Boston Herald | Logan airport security just got more up close and personal as federal screeners launched a more aggressive palms-first, slide-down body search technique that has renewed the debate over privacy vs. safety. Continue reading →
(CNET) – For the last few years, federal agencies have defended body scanning by insisting that all images will be discarded as soon as they’re viewed. The Transportation Security Administration claimed last summer, for instance, that “scanned images cannot be stored or recorded.”
Now it turns out that some police agencies are storing the controversial images after all. The U.S. Marshals Service admitted this week that it had surreptitiously saved tens of thousands of images recorded with a millimeter wave system at the security checkpoint of a single Florida courthouse.
This follows an earlier disclosure (PDF) by the TSA that it requires all airport body scanners it purchases to be able to store and transmit images for “testing, training, and evaluation purposes.” The agency says, however, that those capabilities are not normally activated when the devices are installed at airports.
Body scanners penetrate clothing to provide a highly detailed image so accurate that critics have likened it to a virtual strip search. Technologies vary, with millimeter wave systems capturing fuzzier images, and backscatter X-ray machines able to show precise anatomical detail. The U.S. government likes the idea because body scanners can detect concealed weapons better than traditional magnetometers. Full article here
(BostonGlobe) – A privacy advocacy group is suing the Department of Homeland Security to suspend the use of the controversial full-body scanners employed at airports across the country, including at every major checkpoint at Logan International Airport.
The machines, which use X-rays or radio frequency energy to detect weapons and explosives beneath passengers’ clothing, have been much criticized because of privacy concerns. Continue reading →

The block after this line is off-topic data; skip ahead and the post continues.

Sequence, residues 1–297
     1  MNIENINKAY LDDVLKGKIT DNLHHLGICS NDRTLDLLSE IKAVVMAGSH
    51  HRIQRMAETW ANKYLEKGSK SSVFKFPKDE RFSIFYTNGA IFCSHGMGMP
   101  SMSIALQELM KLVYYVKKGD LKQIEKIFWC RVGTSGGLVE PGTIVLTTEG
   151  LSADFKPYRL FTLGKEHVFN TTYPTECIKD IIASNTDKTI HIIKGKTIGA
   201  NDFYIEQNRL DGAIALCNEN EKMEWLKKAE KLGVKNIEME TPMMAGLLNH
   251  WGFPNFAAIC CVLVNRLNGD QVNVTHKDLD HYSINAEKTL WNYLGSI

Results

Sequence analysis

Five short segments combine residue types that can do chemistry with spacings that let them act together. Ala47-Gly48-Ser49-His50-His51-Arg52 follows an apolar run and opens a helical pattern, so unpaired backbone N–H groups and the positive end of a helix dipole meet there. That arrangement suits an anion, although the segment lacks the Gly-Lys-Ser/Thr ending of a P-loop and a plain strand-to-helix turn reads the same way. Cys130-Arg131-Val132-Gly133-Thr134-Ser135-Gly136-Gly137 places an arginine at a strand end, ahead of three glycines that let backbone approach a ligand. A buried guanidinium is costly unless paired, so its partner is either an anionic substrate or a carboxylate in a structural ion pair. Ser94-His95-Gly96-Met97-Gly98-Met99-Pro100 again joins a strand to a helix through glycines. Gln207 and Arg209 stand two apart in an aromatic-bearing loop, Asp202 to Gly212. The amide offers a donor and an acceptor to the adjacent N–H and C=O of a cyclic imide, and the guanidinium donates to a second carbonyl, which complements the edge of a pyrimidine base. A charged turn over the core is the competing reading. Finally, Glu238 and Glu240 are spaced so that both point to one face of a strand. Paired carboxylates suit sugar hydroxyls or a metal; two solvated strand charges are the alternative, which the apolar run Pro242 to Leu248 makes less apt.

(Telegraph) – A team of more than 3,000 “behaviour detection” officers hired to spot terrorists at US airports have failed to catch a single person despite costing the taxpayer $200 million (£140 million) last year. Continue reading →
(Sott) – “Deception by an omission of the truth is as bad as a lie.” Jennifer Chiaverini
The mainstream media was quick to publicise the findings of a survey that showed widespread public support for the global drive to install ‘naked’ full-body scanners at airports. Read More Here
(MontrealGazette) – Starting in December, passengers on Canadian airlines flying to, from or even over the United States without landing there will be allowed to board the aircraft only after the U.S. Department of Homeland Security has determined they are not terrorists. Continue reading →
(PaulWatson) – President Obama’s nominee to head the TSA and boss the naked body scanners now being installed at airports across the country says that white Christian “anti-government” types will be the primary target of suspicion for authorities. Continue reading →
(CNN) – A privacy group says the Transportation Security Administration is misleading the public with claims that full-body scanners at airports cannot store or send their graphic images. Continue reading →
(SteveWatson) – The rabid calls for co-ordinated implementation of naked body scanners in airports across the planet, in the wake of the failed underwear bombing, will result in huge profits for the military industrial complex. Continue reading →
(BostonGlobe) – WASHINGTON – Since the attempted bombing of a US airliner on Christmas Day, former Homeland Security secretary Michael Chertoff has given dozens of media interviews touting the need for the federal government to buy more full-body scanners for airports. Continue reading →
In 1992, George H.W. Bush signed Executive Order 12803, which gave D.C. the authority to sell America’s infrastructure. They called this authority “Infrastructure Privatization.” E.O. 12803 tells us this power cleared the way for the “disposition or transfer of an infrastructure “asset” such as by sale or by long-term lease from a State or local government to a private party.” Continue reading →
This week, concerns about swine flu have dominated the media and many government officials. While the American people should be made aware of infectious diseases and common sense preventative measures, much of the hysterical reaction from government only serves to remind us how detrimental to your health it can be when government plays doctor. Continue reading →
It’s been at least five years since I’ve flown commercial, and for good reason: I don’t wish to be arrested for questioning actions by often arrogant, rude Transportation Security Administration (TSA) workers. Continue reading →